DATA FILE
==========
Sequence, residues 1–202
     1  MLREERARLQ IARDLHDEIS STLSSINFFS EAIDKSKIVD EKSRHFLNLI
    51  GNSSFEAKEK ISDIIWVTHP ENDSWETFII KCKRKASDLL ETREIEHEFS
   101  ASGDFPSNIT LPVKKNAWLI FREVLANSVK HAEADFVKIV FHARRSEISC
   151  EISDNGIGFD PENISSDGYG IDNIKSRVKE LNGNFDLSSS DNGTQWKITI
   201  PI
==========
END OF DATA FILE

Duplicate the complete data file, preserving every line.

Sequence, residues 1–202
     1  MLREERARLQ IARDLHDEIS STLSSINFFS EAIDKSKIVD EKSRHFLNLI
    51  GNSSFEAKEK ISDIIWVTHP ENDSWETFII KCKRKASDLL ETREIEHEFS
   101  ASGDFPSNIT LPVKKNAWLI FREVLANSVK HAEADFVKIV FHARRSEISC
   151  EISDNGIGFD PENISSDGYG IDNIKSRVKE LNGNFDLSSS DNGTQWKITI
   201  PI